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Probate and Revocable Trusts
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Avoiding Probate With Revocable Trusts

When properly drafted and funded, a revocable trust will assist in avoiding probate. This is the most significant and valuable feature of the trust. The benefits of avoiding probate can be further appreciated through understanding what happens when an estate is forced to go through the probate process.

Should a man pass away, and he owns property unprotected by a trust, then a court will supervise the property transfer to the persons whom he named in his will. But, if this same person dies without a will, then his property will wind up being passed on to his relatives in a manner that is proscribed by the laws of his state. The transfer of title to the decedent’s property would be carried out by the court’s supervision by an individual that the will designated as the estate's Executor. So, when someone dies without a will, the court appoints an Administrator to proceed with the transfer of all the decedent’s property. Both Executor or Administrator are also known as a Personal Representative.

The Personal Representative performs the following responsibilities:

Locate, inventory, and appraise assets of the decedent.

Pay off all debts owed to the decedent’s creditors.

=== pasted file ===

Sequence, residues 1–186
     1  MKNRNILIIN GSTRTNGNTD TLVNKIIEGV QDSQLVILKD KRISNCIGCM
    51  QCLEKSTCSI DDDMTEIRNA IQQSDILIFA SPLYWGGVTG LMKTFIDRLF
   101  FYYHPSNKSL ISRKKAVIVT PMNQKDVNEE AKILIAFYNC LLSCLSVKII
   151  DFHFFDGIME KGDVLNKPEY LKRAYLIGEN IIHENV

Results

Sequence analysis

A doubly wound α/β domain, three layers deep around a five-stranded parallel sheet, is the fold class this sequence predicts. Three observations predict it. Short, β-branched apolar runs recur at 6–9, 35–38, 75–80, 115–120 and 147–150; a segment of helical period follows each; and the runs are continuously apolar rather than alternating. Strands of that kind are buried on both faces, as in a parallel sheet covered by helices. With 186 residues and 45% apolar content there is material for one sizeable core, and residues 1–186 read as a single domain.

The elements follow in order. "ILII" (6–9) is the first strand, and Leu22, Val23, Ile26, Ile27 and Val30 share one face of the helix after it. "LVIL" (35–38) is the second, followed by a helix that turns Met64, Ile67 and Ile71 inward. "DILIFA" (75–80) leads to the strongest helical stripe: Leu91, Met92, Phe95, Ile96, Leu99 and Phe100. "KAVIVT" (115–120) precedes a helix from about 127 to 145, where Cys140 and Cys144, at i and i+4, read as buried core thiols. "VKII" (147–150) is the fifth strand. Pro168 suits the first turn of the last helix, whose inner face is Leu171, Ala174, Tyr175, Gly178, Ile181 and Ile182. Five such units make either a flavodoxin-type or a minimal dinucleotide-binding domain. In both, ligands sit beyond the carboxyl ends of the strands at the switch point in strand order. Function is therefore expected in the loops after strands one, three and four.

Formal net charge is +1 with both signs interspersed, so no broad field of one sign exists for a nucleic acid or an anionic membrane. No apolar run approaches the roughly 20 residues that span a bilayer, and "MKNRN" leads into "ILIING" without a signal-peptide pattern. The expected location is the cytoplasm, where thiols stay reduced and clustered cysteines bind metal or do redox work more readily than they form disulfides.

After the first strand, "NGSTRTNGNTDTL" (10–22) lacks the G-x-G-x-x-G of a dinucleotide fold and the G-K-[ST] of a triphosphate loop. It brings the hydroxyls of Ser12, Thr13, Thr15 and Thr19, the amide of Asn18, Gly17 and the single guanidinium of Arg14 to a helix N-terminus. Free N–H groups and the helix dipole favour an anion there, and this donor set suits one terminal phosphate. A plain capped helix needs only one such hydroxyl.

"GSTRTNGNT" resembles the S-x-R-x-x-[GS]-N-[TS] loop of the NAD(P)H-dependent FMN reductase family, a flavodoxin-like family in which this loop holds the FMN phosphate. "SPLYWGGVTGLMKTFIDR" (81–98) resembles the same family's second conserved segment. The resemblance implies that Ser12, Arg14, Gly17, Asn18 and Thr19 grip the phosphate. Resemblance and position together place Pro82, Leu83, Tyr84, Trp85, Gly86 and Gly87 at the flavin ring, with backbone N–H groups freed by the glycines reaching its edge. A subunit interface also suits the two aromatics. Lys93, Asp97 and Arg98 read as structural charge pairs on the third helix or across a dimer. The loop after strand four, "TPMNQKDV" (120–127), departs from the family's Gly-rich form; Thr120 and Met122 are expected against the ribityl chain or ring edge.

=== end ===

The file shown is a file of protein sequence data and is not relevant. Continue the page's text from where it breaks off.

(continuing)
Prepare and file both federal and state death tax returns (if any).

Ensure that the assets of the decedent’s estate as are distributed as specified in the decedent’s will or according to state law.

The Personal Representative will usually hire an attorney to perform this work. The fee for the services rendered by the attorney will be collected from the estate. This amount, which varies from state to state, is either at a fixed percentage of the estate or is based upon what the judge believes to be a reasonable fee.

The reason why most people do not want their estate to go through probate is due to the fact that the probate process is expensive, takes a long time, and is inconvenient. This, and the fact that an attorney’s fees may range from 2 to 10 percent of the gross value of the estate.

Another pertinent reason is that many attorneys do not feel the same sense of urgency about the completion of probate felt by the decedent’s wife and children. While the decedent’s family may want to move on as soon as possible, the attorney handling the estate is often busy handling other matters, which means the time involved in finishing probate could take between two to five years. Thus, probate could cause stress and frustration for the survivors, and the avoidance of the process is a legitimate planning concern.

Revocable trusts are effective in avoiding probate only when the trust document has been properly drafted, and only then when all of the decedent’s property has been transferred into the trust prior to his demise. The trust document, just like a will, will provide for disposition of trust assets upon the settlor's death. The usual arrangement is that a husband and wife will create a revocable trust with both of them as the initial trustees. They will also become beneficiaries of the trust. The trust will also provide that it can be revoked at any time during both their lifetimes. Upon the death of either spouse, the trust will become irrevocable, and the surviving spouse becomes sole trustee. When the surviving spouse dies, the trust property then passes on according to the wishes that are expressed in the trust document.